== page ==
12 – “Spit Out The Bone”

Frenetic intro – drums, bass and guitars chugging along and after a brief pause uses that riff to take us to a bit of machine gun-ish riffing.  Interesting melody interspersed.  Now it’s a homogenized, sick riff.  Hello, angry verse!  Barked lyrics with speed chugging underneath.  I really dig that main riff.  Need to harmonize it, though.  Man, this is moving.  There is a definite urgency, but not haphazard.  Breakdown to Rob’s solo. Cool.  Leads back to some more gymnastic riffing.  Digging the bridge and here we go into KRK land – the first part of the solo is kind of like the rest in terms of wah, but churns down to a nice slower, melodic solo.  The middle section is really nice.  New riff – solid.  Slowing down a touch with some chugging. I can dig it.  Slower still chugging.  What’s it building up to?  ‘cause it’s building!  Ooooh – channeling some of the Kill ‘em All energy, this solo is much more satisfying to me.  Enough old and new Kirk working together to make for a solo that works.  Frantic chugging and barking vocals – angry Metallica is good Metallica.


Wow.  I’m a bit drained.  That was a killer ending to a solid effort that had many more high points than low.  Actually, come to think of it, I don’t really recall there being anything that could be considered a “low.”  To be completely honest, “Am I Savage” might be the weak track on the album, but even there – if that’s your “weak one,” I’d say that’s not too shabby, at all.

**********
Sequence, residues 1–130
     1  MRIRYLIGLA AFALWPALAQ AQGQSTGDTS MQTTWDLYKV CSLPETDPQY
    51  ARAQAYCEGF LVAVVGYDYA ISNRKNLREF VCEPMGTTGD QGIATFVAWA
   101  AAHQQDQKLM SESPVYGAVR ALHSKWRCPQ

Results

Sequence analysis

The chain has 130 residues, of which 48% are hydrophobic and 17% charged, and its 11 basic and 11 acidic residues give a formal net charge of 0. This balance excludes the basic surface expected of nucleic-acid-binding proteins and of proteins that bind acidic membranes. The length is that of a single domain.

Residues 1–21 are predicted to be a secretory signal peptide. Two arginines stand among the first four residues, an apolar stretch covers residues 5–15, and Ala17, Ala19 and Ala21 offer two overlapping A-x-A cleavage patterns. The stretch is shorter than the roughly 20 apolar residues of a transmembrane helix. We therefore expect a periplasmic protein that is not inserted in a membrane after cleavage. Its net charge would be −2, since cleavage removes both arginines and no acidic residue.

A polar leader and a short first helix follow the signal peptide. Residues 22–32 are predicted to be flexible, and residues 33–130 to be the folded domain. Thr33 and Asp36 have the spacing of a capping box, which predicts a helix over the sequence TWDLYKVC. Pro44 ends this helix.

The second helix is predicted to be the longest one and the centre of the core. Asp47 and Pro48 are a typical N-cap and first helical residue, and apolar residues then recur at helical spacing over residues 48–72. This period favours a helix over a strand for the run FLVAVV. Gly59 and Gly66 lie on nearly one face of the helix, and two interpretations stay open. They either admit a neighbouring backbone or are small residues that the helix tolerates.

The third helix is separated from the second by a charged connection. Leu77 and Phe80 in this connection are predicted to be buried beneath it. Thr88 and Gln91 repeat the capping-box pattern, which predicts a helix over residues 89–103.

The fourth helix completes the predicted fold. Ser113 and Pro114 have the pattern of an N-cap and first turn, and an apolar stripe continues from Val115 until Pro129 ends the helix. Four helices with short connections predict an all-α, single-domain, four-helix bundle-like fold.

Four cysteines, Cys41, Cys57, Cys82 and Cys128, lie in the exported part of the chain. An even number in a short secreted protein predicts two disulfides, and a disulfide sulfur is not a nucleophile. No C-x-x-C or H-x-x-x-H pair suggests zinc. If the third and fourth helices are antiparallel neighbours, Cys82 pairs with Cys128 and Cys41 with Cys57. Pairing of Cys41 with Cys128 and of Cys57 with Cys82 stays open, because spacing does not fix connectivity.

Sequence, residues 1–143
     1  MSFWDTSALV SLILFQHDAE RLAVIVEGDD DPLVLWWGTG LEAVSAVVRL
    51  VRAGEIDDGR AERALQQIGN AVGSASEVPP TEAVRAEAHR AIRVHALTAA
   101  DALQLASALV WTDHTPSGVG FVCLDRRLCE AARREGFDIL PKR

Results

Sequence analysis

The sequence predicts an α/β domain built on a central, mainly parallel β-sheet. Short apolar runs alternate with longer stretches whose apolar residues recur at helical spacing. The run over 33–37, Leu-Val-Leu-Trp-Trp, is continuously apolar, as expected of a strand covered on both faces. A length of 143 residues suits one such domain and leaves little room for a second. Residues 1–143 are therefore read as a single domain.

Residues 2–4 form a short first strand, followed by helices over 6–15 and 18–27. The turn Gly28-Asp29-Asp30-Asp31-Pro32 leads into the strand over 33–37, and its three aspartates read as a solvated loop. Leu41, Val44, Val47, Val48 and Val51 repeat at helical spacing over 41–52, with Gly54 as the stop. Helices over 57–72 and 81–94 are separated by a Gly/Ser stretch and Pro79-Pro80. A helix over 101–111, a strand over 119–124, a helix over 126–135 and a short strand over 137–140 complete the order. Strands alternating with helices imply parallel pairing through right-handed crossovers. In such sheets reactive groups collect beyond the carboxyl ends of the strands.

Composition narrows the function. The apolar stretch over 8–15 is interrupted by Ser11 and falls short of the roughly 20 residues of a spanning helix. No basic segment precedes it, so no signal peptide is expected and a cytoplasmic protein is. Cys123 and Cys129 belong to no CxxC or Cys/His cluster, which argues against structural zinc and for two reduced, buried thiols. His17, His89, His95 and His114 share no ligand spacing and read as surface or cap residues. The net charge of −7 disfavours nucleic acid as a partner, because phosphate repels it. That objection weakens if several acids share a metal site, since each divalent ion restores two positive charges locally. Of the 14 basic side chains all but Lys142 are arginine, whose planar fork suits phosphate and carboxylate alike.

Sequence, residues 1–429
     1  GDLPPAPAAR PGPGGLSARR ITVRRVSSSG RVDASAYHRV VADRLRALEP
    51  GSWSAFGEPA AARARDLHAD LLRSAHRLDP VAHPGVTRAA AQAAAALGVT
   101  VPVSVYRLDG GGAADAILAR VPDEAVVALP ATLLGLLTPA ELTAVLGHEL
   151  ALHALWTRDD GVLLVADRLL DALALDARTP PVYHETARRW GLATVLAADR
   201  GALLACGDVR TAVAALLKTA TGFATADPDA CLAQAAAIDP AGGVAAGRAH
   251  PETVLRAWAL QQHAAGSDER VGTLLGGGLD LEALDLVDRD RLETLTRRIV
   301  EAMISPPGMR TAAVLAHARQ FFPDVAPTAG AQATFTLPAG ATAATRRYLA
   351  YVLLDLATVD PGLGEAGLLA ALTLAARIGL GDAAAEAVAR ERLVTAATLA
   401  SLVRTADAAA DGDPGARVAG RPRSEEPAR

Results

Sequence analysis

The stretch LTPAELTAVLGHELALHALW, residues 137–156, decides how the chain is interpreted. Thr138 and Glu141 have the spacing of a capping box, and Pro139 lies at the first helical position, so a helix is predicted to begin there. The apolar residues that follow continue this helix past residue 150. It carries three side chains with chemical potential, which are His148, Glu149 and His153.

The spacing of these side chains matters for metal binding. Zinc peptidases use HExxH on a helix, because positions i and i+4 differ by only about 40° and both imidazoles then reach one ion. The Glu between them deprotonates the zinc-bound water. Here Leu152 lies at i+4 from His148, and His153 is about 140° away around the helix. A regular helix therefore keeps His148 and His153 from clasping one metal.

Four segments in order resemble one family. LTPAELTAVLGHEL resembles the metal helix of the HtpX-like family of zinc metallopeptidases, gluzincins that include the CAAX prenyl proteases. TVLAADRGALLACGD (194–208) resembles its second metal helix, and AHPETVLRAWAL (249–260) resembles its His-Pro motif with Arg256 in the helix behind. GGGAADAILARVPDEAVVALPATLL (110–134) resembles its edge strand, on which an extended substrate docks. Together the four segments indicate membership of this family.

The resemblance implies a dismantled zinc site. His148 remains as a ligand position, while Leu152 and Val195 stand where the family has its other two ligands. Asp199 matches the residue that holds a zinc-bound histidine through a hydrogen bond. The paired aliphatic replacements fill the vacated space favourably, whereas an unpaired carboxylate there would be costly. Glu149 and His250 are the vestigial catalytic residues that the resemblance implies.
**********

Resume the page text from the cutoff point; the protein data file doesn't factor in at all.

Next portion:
The riffing

There is plenty of riffing to be had.  Wow.  From open to close, there’s no shortage of chunky, chewy, ripping riffs that all work well with the songs and don’t feel forced.  What I mean is that some of the “speed riffing” on “St. Anger” seems like it was put in with the intent of showing us they were still heavy.  It felt like they were trying too hard.  This?  This sounds like a natural, organic album where there riffs don’t feel forced.  Even some of the riffing on “Death Magnetic” felt a little shoehorned.  Not here.

Review / Summary

I’ve been having a hard time NOT jamming to this album.  From the opening notes of “Hardwired” to the last shimmer of reverb at the end of “Spit Out The Bone,” it’s nonstop.  It’s funny – I read some comments, somewhere (I can’t remember where…) that the album had four ballads.  I’ll have to check my impressions of the songs, above, but I’m pretty sure there’s not a single ballad on this album.  There’s a dynamic that offers a good balance of “acoustic-y intro” to “all out thrashing,” so that might have been what they were talking about.  I don’t know.  What I do know is that this is the most consistent and solid album since, if I’m to be completely honest, “The Black Album.”

What about production?  I gave Metallica endless amounts of crap for something that wasn’t their fault, last album.  “Death Magnetic” was butchered in mastering to a point where all dynamism was flattened out and it was a wall of sound with no nuance.  What do we have this time around?  Well, it’s not mastered to death, thankfully.  Now, when the first three singles hit, I noticed there wasn’t much by way of “air.”  I had hoped that it was like the “The Day That Never Comes” where the album version was much more alive than the single/video release that just seemed dry and brittle.  Well, “Hardwired…To Self-Destruct” is much, much better sonically.  My only complaint is the aforementioned “air.”  It’s still pushed pretty hard and you can hear the compressors groaning under the might of the riffs.  That said – it’s so much better.